Ellen A. Cowan Ph.D

RECAPP 2019 Award Winner: Dr. Cowan joined the Appalachian faculty in 1988. She teaches a variety of introductory and advanced classes, including Introduction to Physical Geology, Oceanography, Geomorphology, and Geoarchaeology, but does research in glacial-marine sedimentology and in sediment transport of coal ash in the Clinch and Emory Rivers from the TVA Kingston ash spill. She spends her summers documenting modern glacial sedimentation associated with tidewater glaciers in the fjords of southeastern Alaska. During her last three cruises, she included three students (each year) in various aspects of her research projects. Dr. Cowan collaborates with a number of other workers, including some from the U.S. Geological Survey and Northern Illinois University. Dr. Cowan is a member of Appalachian's College of Arts and Sciences Academy of Outstanding Teachers, won the 1999 Don Sink Outstanding Scholar Award, won the 2018 Undergraduate Research Mentorship Excellence Award, and was named a Fellow of the Geological Society of America in 2018.

There are 6 included publications by Ellen A. Cowan Ph.D:

TitleDateViewsBrief Description
Cordilleran Ice-Sheet Growth Fueled Primary Productivity In The Gulf Of Alaska, Northeast Pacific Ocean 2018 7 Fertilization of the ocean by eolian dust and icebergs is an effective mechanism to enhance primary productivity. In particular, high-nutrient, low-chlorophyll (HNLC) areas where phytoplankton growth is critically iron-limited, such as the subarctic ...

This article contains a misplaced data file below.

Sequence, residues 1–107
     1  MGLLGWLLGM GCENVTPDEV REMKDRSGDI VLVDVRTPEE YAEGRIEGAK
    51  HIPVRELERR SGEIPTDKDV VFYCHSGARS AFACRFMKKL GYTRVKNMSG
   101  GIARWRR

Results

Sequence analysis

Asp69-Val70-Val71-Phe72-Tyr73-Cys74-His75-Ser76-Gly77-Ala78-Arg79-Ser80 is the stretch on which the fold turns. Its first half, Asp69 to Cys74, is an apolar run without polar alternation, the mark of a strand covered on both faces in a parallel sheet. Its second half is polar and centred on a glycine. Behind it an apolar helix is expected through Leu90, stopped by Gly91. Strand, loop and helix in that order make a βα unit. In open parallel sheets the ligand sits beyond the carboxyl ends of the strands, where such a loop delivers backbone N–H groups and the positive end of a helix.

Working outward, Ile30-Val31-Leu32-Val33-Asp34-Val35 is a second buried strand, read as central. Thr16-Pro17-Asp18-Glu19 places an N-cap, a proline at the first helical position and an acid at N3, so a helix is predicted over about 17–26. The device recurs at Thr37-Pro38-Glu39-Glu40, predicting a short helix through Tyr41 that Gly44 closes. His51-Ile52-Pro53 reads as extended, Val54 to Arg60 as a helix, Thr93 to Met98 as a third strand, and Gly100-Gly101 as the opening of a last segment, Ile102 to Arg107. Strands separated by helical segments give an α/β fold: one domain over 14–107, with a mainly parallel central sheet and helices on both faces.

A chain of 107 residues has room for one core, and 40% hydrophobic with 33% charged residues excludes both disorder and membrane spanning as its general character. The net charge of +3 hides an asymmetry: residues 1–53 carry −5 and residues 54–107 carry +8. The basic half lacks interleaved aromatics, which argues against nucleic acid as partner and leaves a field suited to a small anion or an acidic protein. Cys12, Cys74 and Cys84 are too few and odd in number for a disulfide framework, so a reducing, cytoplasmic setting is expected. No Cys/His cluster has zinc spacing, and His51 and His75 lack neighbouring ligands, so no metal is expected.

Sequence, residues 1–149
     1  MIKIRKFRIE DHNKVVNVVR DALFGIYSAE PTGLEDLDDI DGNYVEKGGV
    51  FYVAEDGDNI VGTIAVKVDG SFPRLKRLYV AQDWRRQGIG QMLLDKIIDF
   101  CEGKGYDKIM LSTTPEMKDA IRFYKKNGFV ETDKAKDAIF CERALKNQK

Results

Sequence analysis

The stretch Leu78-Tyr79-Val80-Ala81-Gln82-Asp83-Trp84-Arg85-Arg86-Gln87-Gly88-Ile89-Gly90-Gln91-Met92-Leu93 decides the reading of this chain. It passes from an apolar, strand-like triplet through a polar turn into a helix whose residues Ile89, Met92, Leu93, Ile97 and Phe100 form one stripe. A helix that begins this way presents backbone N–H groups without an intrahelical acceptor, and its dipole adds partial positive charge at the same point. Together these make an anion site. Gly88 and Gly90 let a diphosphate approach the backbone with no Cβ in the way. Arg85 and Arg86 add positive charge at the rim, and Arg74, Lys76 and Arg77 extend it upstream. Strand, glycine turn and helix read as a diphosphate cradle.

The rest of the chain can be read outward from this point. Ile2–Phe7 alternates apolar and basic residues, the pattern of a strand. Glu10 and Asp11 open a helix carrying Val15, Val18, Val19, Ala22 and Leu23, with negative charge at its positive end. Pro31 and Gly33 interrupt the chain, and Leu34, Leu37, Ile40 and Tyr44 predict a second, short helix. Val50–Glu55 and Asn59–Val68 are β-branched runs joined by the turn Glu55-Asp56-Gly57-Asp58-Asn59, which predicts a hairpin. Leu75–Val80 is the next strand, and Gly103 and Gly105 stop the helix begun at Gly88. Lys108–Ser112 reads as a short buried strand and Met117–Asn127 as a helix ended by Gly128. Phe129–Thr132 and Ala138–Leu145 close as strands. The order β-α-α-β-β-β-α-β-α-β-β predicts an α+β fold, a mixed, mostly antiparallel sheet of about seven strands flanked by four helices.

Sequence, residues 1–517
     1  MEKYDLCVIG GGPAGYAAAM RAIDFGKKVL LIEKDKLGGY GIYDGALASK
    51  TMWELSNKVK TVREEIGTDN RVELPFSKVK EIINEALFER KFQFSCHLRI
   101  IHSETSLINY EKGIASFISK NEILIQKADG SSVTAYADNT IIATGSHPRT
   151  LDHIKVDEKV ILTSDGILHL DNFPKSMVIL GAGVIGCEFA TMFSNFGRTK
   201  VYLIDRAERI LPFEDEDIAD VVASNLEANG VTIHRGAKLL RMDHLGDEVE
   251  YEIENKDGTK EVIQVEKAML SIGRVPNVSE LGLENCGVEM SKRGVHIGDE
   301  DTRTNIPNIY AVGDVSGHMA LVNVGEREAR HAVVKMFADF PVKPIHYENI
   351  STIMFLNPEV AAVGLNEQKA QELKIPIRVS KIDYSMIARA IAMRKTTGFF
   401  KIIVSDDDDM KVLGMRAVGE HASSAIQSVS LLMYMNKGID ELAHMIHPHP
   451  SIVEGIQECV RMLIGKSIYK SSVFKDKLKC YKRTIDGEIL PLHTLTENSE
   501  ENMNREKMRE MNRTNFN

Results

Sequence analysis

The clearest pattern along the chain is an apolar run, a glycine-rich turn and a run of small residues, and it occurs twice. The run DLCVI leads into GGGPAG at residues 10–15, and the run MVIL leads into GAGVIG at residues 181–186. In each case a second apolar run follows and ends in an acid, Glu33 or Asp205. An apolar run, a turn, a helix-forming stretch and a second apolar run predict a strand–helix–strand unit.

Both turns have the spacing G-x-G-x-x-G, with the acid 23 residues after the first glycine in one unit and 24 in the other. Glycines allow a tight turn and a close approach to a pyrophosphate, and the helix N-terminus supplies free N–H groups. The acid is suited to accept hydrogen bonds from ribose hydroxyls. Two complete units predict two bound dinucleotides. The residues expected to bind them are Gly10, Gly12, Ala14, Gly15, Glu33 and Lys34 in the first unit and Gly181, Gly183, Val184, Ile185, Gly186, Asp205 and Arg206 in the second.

Dynamics Of The Late Plio-Pleistocene West Antarctic Ice Sheet Documented In Subglacial Diamictites, AND-1B Drill Core 2014 12 Geologic studies of sediment deposited by glaciers can provide crucial insights into the subglacial environment. We studied muddy diamictites in the ANtarctic geological DRILLing (ANDRILL) AND-1B drill core, acquired from beneath the Ross Ice Shelf i...
Evidence For Unmonitored Coal Ash Spills In Sutton Lake, North Carolina: Implications For Contamination Of Lake Ecosystems 2019 7 Coal combustion residuals (CCRs, also known as “coal ash”) contain high concentrations of toxic and carcinogenic elements that can pose ecological and human health risks upon their release into the environment. About half of the CCRs that are generat...
Magnetic Susceptibility As A Proxy For Coal Ash Pollution Within Riverbed Sediments In A Watershed With Complex Geology (Southeastern USA) 2017 29 A study of near surface sediments from the Dan River (southeastern USA) was conducted to assess the use of magnetic properties as proxies of coal ash after a recent spill. The watershed geology is diverse and potentially contributes magnetic minerals...
Magnetic Susceptibility Measurements To Detect Coal Fly Ash From The Kingston Tennessee Spill In Watts Bar Reservoir 2013 1457 An estimated 229 000 m3 of coal fly ash remains in the river system after dredging to clean-up the 2008Tennessee Valley Authority (TVA) spill in Kingston, Tennessee. The ash is heterogeneous with clear,orange and black spheres and non-spherical amorp...
Mid-Pleistocene Climate Transition Drives Net Mass Loss From Rapidly Uplifting St. Elias Mountains, Alaska 2015 510 Erosion, sediment production, and routing on a tectonically active continental margin reflect both tectonic and climatic processes; partitioning the relative importance of these processes remains controversial. Gulf of Alaska contains a preserved sed...